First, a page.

Chris Mayaud is one of the more amusing entrepreneurial doctors it’s been my pleasure to go drinking with and have on the odd panel (Also the only one ever to use an almost appropriate 4 letter word and get away with it!). He also was a founder at Physicians’ Online and these days appears to be the most connected person in the world on Linkedin as well as being some type of venture capitalist (although I’m still waiting for the check!). And of course he’s got a blog, called Sacred Cow Dung — pretty interesting stuff mostly about the VC world, and you can usually get him to buy you a beer if you’re visiting New York.
Here’s a interesting post he put up a few weeks back on why it’s not doctors’ fault that they don’t use IT — Sacred Cow Dung: MYTH: Physicians are Resistant to New Technologies.
//provide incentives to offset the cost of implementing such systems, physicians will continue to resist purchasing.//
How can patients (those who receive the benefit) provide incentives if they are mere subscribers to a plan? They have to use whatever the plan provides.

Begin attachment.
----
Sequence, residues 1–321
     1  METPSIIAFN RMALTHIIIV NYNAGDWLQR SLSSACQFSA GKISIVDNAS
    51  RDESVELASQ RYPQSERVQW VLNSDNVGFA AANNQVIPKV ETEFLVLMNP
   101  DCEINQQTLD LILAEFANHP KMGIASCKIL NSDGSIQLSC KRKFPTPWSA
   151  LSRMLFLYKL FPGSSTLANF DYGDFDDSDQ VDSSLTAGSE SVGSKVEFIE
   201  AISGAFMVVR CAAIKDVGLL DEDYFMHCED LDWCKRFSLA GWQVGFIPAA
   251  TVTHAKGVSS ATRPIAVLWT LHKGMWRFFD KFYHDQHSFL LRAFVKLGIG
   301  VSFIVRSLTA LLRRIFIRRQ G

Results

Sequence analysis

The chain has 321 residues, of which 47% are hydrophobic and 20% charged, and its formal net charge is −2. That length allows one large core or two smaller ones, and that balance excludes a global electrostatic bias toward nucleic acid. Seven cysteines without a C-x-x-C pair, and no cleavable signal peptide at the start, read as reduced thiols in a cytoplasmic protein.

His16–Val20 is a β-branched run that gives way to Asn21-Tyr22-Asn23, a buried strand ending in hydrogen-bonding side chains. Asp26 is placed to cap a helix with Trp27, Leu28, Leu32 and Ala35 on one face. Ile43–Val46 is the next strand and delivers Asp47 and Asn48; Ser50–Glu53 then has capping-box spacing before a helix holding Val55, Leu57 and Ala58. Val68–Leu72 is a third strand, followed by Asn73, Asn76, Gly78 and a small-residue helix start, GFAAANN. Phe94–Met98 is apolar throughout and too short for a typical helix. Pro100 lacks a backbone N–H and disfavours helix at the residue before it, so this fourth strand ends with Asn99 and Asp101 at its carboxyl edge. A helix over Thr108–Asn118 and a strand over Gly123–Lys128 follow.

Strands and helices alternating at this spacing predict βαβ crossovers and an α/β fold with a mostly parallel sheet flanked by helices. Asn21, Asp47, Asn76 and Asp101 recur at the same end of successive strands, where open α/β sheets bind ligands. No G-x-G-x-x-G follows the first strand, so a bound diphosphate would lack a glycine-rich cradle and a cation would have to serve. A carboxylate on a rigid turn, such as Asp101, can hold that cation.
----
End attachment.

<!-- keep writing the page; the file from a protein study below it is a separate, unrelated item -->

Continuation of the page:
I vote for a non-funded mandate based on public health and safety. It’s not dipping into physician pockets if they are going to buy health care technology anyway: it’s just an order to chose the one that improves the lives for patients.
Something that many healthcare IT vendors forget is that IT alone – or their product – won’t change outcomes. Demonstrating ROI requires leadership, process change management, training, and the tools to make it happen (IT).
EHR systems require fundamental process changes in the way that care is delivered… and without these changes…and the leadership needed to drive them, the benefits of a digitization (the reasons to buy the product) will not materialize.
As long as independent physician offices continue to be the primary care delivery mechanism in this country, the primary means of changing the way that care is delivered – the quality, safety, cost, and consistency – depends on independent physician practices changing the way that they deliver care. In other words, the hard work falls on physicians.
Physicians demand systems that help them make more money and get home sooner (i.e. make their lives easier). The trouble is that while systems that duplicate and optimize existing, flawed care delivery processes might make physicians more money and give them more free time (what they value), these systems won’t contribute to the overall need for improvement in the healthcare system.
Until those who do receive benefit for quality, safety, etc (i.e. payers and purchasers)provide incentives to offset the cost of implementing such systems, physicians will continue to resist purchasing.